PROTESTERS GET READY TO BLOCK REACTOR BID

Bridgwater Times, 25 November 2005

Protesters against nuclear power are drawing up battle plans to stop a third station being built at Hinkley Point. Stop Hinkley members will be meeting on Wednesday and they will discuss tactics which could include a leaflet campaign in Bridgwater, Burnham-on-Sea, Watchet and Minehead to gain support.

They are determined the Government will have a fight on their hands if they name Hinkley Point as a potential site for another reactor.

Speculation is rising that Prime Minister Tony Blair has already agreed to a new generation of reactors and Hinkley Point would be on the list of possible sites with Hunterston in Scotland and Sizewell in Suffolk.

Mr Blair faced a grilling by the House of Commons liaison committee this week and said the Government faced "difficult and controversial decisions" on climate change and energy supply.

Planning permission for a third Hinkley reactor was granted in 1991 after a public inquiry which lasted for 15 months. A reactor was never built, although some infrastructure was put in including updating the wharf at Combwich and a road to link it to Hinkley. The wharf was refurbished about ten years ago and is used to bring in heavy machinery to Hinkley Point.

The planning permission lapsed about eight years ago but it would be a prime site for the Government to chose for a reactor. Hinkley Point A is being dismantled and Hinkley B is due to be decommissioned by 2011.

Jim Duffy, spokesman for Stop Hinkley, said: "Tony Blair may think building nuclear power stations on existing sites will be met with little resistance from local people but many will oppose them. We did an opinion poll in Burnham in 2002 and out of 300 people, 83 per cent said they would not want another power station and that included some people and their families who worked there."

If the Government carries out a consultation, Stop Hinkley will respond in full. Last time there was a Government review, they handed in a ten-page response with a 300-page attachment containing press cuttings Stop Hinkley had generated.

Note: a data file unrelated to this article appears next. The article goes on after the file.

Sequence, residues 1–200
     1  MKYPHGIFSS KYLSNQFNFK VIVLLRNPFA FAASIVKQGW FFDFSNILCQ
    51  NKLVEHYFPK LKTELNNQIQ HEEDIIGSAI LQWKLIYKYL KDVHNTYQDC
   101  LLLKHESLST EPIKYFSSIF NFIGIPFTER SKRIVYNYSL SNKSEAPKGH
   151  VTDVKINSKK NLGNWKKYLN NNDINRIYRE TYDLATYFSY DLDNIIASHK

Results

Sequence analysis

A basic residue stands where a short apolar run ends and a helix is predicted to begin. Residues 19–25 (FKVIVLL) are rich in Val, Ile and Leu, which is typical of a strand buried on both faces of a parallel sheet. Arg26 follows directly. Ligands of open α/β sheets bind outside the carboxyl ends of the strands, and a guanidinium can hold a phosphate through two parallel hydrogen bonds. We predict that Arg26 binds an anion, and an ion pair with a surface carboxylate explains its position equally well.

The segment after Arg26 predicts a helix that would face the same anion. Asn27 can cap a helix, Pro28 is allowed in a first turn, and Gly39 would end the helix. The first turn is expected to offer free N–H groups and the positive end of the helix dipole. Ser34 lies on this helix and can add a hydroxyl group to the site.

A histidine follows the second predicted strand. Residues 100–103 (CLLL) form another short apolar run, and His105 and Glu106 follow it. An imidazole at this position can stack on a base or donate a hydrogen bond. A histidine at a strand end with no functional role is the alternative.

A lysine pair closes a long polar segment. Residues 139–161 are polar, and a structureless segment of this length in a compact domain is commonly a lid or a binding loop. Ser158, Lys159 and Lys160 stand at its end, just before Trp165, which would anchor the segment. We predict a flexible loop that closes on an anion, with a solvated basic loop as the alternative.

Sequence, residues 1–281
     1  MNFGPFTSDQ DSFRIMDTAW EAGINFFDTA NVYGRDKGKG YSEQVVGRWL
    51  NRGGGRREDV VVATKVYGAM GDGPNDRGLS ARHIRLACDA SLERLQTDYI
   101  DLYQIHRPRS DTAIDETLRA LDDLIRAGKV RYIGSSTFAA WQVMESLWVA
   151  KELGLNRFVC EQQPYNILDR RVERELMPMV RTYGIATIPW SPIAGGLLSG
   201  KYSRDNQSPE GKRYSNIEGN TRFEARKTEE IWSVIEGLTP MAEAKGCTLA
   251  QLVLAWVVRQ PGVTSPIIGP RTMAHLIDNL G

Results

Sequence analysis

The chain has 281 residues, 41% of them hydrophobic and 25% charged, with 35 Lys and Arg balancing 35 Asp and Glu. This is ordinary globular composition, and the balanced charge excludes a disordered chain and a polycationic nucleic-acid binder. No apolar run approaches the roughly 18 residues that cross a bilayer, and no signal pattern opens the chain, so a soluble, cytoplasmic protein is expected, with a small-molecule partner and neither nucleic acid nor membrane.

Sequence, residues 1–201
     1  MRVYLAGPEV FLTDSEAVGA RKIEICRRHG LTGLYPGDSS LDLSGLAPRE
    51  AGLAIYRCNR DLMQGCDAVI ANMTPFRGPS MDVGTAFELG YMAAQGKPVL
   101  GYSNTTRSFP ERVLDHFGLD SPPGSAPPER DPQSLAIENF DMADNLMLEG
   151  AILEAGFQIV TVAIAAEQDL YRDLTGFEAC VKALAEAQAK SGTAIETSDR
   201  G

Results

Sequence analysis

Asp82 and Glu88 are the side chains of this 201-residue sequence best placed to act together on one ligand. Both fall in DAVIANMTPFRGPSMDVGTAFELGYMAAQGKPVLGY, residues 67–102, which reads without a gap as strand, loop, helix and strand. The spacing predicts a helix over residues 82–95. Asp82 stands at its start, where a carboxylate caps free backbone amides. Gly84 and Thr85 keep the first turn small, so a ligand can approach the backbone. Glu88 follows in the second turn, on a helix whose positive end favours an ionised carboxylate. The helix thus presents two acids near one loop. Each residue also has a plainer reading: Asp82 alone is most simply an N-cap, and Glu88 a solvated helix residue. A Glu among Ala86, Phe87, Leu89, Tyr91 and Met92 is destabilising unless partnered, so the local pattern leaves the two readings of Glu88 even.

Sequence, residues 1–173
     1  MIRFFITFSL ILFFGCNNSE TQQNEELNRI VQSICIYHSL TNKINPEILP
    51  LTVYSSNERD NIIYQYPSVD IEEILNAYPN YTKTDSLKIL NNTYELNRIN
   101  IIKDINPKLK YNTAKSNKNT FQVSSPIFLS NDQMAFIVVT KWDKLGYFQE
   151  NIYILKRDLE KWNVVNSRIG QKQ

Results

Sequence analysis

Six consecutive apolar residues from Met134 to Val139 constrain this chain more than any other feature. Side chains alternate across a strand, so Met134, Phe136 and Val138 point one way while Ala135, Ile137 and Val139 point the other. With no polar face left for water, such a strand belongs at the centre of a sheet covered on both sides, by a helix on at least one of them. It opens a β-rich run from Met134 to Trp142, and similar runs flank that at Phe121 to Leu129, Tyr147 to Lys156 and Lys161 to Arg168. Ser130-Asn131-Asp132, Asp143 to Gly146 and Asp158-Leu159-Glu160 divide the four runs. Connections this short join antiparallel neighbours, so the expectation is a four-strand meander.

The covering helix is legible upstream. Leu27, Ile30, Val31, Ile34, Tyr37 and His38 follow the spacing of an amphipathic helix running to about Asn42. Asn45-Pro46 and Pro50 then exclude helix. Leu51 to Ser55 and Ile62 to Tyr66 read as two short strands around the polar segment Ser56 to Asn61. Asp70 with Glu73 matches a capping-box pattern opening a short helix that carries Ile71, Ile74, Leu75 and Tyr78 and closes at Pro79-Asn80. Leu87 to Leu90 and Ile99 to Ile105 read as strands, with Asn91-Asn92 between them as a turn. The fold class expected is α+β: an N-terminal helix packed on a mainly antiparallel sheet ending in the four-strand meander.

Mr Duffy said: "We think some of the reasons put forward for nuclear power are spurious. Reactors will only save about six to eight per cent of carbon emissions."

An independent Site Stakeholder Group meets at Hinkley and chairman Mike Short said Hinkley A was a main employer in the Bridgwater area and at one time contributed about £20 million to the local economy. Mr Short said: "I would have thought a significant percentage of people would want another power station for employment reasons. There are people who would be in favour and others who would not, such as Stop Hinkley. It will be up to the Government to decide. Everyone is coming round to realise that in ten to 20 years' time we will have to rely on gas and oil imports for energy."

http://www.thisissomerset.co.uk/

<><><><><><><><><><><><><><><><><><><>

MP BACKS PRINCIPLE OF HINKLEY REACTOR

Burnham & Highbridge Times, 26 November 2005

Protesters against nuclear power are drawing up battle plans to stop a third station being built at Hinkley Point.

But Burnham's MP David Heathcoat-Amory has said he would not be against another reactor being built at Hinkley. He said: "There is no evidence to suggest there has been an increased rate of concern caused by radiation. "I am satisfied that the present regime is adequate. If what scientists are warning is true then we have to go back to nuclear to reduce carbon emissions. Wind power is simply fiddling at the edges."

Speculation is rising that Prime Minister Tony Blair has already agreed to a new generation of reactors and Hinkley Point could be on the list of possible sites, together with Hunterston in Scotland and Sizewell in Suffolk. But protest groups such as Stop Hinkley are promising the Government will have a fight on its hands if Hinkley Point is named as a site for a new nuclear power station.

Planning permission for a third reactor at Hinkley was granted in 1991 after a public inquiry which lasted for 15 months. It was never built but some infrastructure was put in including updating the wharf at Combwich and a road to link it to Hinkley. The planning permission lapsed about eight years ago but it would be a prime site for the Government to choose for a reactor.

Hinkley Point A is now being dismantled and Hinkley B is due to be decommissioned by 2011.

Stop Hinkley spokesman Jim Duffy said: "Tony Blair may think building nuclear power stations on existing sites will be met with little resistance from local people but many will oppose them. We did an opinion poll in Burnham in 2002 and out of 300 people 83 per cent said they would not want another power station and that included some people and their families who worked there."

051125

Stop Hinkley Logo